the comeback curtain / by megan norgate

eco interiors, sustainable interior design, sustainable interiors

Window furnishings are the nerds that no one wants to invite to the energy efficient house party. Curtains have had a bad rep for the last few years as natural light and indoor-outdoor connection drive home design. Our windows are getting larger relative to interior spaces and to cover them we often use blind systems that do very little to thermally seal your windows. Many ‘eco’ houses are designed around walls of glass with no thought given to hanging window coverings on them. There is a common misconception among consumers that double-glazing is a replacement for curtains. Double-glazing is an almost essential building element in this day and age, but it will not work to its optimum to thermally protect you home unless combined with high quality window furnishings. 

Good window coverings are an excellent way to increase the energy efficiency of existing homes and new buildings. The humble curtain is set to make a big comeback. If you are sitting in a warm room at night between an uncovered window and your heating source it is likely you will feel a chill, as you are sitting the middle of a draught created by the interior heat making a beeline for the cool exterior. Properly fitted and lined curtains and window treatments are the best way to avoid this effect and to slow down interior heat loss. They also work to reduce heat gain in summer; however shading the glass externally is the better way to achieve this. 

However, not all window treatments have a beneficial thermal effect, they must be designed, constructed and hung a certain way to work. If you are wondering if your sheer curtains have any insulating qualities, imagine standing in the snow in a sheer nightdress and you will have your answer. The curtains/blinds must create a seal over the window so that a layer of warm air can become trapped in between the curtain and the glass. If the curtains hang in front of the window with gaps at the base and top it will become a passive cooling system, sucking warm air from the upper part of the room down beside the cool glass and pushing it out the bottom freshly cooled.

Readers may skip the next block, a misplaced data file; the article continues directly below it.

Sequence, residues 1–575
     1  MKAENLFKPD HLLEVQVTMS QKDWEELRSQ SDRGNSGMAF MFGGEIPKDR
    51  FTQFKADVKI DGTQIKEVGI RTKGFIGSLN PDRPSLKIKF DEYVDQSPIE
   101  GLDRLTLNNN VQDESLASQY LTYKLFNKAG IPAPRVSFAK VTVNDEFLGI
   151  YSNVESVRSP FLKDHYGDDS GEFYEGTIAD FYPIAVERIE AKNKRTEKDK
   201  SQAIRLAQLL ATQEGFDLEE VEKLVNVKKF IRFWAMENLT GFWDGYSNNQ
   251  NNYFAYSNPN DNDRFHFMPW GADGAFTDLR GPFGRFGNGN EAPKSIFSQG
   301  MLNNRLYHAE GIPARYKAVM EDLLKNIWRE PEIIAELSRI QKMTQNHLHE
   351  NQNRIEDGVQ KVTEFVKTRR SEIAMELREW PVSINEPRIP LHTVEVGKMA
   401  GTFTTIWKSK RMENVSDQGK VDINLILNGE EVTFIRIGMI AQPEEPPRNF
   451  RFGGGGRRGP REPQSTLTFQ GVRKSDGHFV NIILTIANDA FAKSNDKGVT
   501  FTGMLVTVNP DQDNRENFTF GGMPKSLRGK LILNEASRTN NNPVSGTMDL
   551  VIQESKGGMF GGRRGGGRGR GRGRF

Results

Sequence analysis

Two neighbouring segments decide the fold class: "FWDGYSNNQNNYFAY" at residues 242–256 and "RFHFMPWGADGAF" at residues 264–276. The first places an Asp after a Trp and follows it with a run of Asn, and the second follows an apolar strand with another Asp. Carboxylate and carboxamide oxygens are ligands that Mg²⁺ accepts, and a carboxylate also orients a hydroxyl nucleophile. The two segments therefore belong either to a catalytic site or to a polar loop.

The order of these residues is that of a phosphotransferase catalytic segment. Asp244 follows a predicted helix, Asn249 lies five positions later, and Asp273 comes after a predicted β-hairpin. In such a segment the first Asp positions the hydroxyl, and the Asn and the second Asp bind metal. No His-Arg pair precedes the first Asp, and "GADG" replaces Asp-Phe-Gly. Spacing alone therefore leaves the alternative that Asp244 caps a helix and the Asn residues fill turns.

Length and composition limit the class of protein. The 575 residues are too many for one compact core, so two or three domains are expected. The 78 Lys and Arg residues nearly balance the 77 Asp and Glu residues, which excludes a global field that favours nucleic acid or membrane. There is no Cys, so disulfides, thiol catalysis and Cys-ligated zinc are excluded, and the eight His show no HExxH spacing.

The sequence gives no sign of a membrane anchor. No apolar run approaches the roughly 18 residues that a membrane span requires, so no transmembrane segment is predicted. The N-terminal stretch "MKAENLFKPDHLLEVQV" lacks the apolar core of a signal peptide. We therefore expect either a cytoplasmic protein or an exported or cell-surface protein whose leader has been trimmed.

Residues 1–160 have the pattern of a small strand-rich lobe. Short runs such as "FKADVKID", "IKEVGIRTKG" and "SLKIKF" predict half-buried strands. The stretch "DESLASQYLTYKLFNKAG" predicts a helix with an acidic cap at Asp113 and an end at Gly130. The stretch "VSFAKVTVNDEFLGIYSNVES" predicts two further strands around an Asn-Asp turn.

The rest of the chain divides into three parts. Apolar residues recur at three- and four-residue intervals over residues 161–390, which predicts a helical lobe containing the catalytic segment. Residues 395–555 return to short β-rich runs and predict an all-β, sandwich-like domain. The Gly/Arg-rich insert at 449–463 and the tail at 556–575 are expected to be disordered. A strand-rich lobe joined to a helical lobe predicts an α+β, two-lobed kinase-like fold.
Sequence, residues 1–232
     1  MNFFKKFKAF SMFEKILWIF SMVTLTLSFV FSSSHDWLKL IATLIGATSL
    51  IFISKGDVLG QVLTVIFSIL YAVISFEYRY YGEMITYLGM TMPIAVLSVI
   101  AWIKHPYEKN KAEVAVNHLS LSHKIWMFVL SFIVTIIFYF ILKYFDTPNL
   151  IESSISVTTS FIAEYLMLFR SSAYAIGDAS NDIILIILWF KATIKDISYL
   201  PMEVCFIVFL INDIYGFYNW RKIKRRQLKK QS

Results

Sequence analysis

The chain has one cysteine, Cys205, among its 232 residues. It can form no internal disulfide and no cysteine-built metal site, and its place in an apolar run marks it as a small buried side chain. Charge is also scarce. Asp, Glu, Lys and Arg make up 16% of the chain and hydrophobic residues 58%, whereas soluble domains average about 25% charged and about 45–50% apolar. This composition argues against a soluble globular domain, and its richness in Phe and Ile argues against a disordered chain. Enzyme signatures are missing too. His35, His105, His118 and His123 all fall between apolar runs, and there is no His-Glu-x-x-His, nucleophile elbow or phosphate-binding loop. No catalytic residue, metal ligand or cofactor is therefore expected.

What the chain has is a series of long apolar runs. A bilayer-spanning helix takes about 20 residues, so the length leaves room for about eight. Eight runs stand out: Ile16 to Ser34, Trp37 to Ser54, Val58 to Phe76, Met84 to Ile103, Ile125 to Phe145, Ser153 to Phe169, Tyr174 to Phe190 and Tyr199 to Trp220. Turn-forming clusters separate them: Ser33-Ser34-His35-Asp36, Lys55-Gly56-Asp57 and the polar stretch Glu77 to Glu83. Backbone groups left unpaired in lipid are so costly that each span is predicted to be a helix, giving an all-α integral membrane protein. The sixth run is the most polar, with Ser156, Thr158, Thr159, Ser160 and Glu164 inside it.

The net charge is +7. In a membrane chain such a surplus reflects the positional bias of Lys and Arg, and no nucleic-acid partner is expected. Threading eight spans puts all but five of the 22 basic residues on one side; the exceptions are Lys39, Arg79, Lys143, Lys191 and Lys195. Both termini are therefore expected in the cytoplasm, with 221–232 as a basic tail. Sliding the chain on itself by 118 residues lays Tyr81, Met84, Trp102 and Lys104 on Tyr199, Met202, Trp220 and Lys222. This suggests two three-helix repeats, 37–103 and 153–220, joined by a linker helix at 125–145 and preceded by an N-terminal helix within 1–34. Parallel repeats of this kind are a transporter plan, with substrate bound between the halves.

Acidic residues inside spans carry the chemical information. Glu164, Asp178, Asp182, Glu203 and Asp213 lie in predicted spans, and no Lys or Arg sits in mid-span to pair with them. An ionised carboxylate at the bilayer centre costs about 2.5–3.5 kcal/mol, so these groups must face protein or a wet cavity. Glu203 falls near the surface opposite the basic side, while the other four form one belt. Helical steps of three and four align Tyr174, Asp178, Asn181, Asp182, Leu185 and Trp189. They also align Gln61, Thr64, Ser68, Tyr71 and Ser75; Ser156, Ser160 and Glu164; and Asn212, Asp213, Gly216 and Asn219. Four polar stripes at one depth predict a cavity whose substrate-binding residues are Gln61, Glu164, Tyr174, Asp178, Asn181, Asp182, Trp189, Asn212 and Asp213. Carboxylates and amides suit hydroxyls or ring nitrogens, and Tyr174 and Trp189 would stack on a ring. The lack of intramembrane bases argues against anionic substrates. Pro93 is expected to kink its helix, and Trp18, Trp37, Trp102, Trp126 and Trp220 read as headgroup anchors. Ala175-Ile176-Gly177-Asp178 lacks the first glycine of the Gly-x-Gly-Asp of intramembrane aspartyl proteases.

1. The are fully lined with 3 pass thermal lining.

2. They touch the floor.

3. They  wrap around at the sides to the wall. (Use track rather than rod and ring hanging systems.)

4. They are sealed at the top by a pelmet. These can be timber, fabric, or invisible (achieved by resting a piece of lightweight timber along the track mounts between the wall and the curtain).


1. Thermally lined roman blinds that sit against the window frame and make a reasonable seal.

2. If you have deep timber reveals or window frames and can mount a blind against the glass and inside the frame of the window then block out roller blinds and honeycomb blinds can be effective, but these must have a snug fit! You can tell if they are sealed at all sides, bottom and top by the amount of light getting in around the edges.


1. Have them reach the floor: Curtains half way down the wall look like a man with suit pants that are too short. Also mount them at least 200mm above the window (or from the ceiling) so it looks balanced.

2. Pick your fabrics carefully as curtains are a long-term investment. Make sure you don't pick something that will date in 5 years as hopefully they will last at least 10-15 with good care. 

3. If you don’t want to feature them, match the fabric to the wall colour, they will blend in and disappear.

4. Make sure you allow enough room to stack back the curtains off the window so you don’t block any views or light when they are drawn back.

5. Get expert advice. Badly made curtains and poorly fitting blinds draw attention to themselves. Interior designers and decorators often offer you good discounts that mean that you pay less for your curtains and blinds and all of the stress of figuring out what will work and look good is taken care of. Brave New eco specialises in custom curtains and blinds in a range of sustainable, natural fibre and hand printed fabrics by local designers.